However, young leaders can also take on leadership responsibility for the unit; for example, a competent and confident young leader could support break out groups, help with facilitation and general support, and be tasked to lead specific activities, with supervision.
Therefore in your ratio planning, you might factor in a confident and competent young leader as a leadership team member.
Young leaders should support girls in groups, never 1 to 1.
Looking after children of volunteers
Sometimes volunteers may need to bring their own children to unit meetings, activities and residential events. This should only happen when alternative supervision can’t be arranged and they should check with their local commissioner first.
This situation doesn’t change adult to child ratios in normal unit meetings – so children of volunteers can be included in the ratios above in these cases. But if a volunteer is bringing their children to an event or activity outside the meeting place, those children – and any other children of volunteers – must be looked after by a separate adult.
The ratios below state the number of adults to children of volunteers. These adults must only be assigned to supervise children of volunteers, and can’t be counted a part of the above ratios.
Age of volunteer's children attending event or activity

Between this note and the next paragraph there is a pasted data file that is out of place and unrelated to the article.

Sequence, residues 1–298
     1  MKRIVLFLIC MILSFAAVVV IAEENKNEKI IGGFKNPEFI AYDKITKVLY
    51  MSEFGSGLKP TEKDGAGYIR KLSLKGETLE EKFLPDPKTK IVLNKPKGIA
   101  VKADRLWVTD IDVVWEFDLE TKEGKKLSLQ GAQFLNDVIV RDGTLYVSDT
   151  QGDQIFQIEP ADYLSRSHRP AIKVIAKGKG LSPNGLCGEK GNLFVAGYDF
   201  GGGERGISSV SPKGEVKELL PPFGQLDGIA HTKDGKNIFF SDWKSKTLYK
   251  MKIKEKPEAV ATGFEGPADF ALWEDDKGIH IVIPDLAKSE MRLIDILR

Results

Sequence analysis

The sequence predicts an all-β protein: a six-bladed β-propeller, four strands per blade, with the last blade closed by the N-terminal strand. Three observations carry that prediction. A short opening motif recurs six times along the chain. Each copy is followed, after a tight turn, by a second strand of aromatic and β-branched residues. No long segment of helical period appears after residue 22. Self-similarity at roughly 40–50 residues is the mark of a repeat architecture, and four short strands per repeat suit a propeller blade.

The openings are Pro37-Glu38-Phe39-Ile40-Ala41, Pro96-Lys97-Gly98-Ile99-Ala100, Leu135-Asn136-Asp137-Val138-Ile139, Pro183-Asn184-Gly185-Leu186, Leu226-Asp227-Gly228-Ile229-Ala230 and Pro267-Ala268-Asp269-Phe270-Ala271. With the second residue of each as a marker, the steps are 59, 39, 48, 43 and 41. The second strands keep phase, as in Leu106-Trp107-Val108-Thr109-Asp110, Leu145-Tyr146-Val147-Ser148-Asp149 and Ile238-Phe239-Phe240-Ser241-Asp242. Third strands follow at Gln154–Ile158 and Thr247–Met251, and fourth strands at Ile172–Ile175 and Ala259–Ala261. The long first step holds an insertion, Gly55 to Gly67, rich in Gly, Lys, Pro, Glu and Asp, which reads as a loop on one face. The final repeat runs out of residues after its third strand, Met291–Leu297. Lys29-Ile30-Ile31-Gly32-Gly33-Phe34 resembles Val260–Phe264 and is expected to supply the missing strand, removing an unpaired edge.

Adult to child ratio
N/A (but must be supervised)
If children of volunteers are present at an event or residential, it’s important that:
- Volunteers include them as part of the risk assessment.
- Parental consent, using an information and consent for event/activity form, is gained for each child.
- Where the children are of different ages, the adult to child ratio for the youngest child present is used.
Children of volunteers who are aged between 10 and 14 can’t be present at the activity or event in a helping capacity and must be supervised in the ratio above.
Online guiding and virtual meetings
All the things you do in your unit to keep girls safe still apply online:
- You must have at least 2 adults in the meeting.
- At least 1 adult volunteer must have completed,or be working towards completing, the leader development programme and hold a current Girlguiding disclosure check (DBS/Access NI/PVG).
- At least 1 leader, assistant leader, or leader in training must have an up to date a safe space level 3.
- Any volunteer who doesn't need a disclosure check for their role must be supervised by someone with a current Girlguiding disclosure check.
You might want to run a breakout session in your online group.
In each breakout group, you'll need to have at least 1 adult present. They must be a registered Girlguiding volunteer like a unit helper or a leader. Parent helpers don’t count.
As always, you shouldn’t have 1 adult with 1 young person alone, in any activity, including breakout rooms. Make sure you end the call and tell the unit leader if this happens.
Activities and events outside of your usual meeting place
Trips outside your usual meeting space must have:
- Rainbows: 1 adult for every 5 children with a minimum of 2 adults.
- Brownies: 1 adult for every 8 children with a minimum of 2 adults.
- Guides: 1 adult for every 12 children with a minimum of 2 adults.
- Rangers: 1 leader with a recommended second adult.
Many activities from our adventures for girls finder have specific ratios you must follow for safety reasons. Search for the activity you're planning to do in the finder and click on the 'planning and safety' tab to find out exactly how many adults you need.
Ratios for events and residentials can be found on our events and going away pages.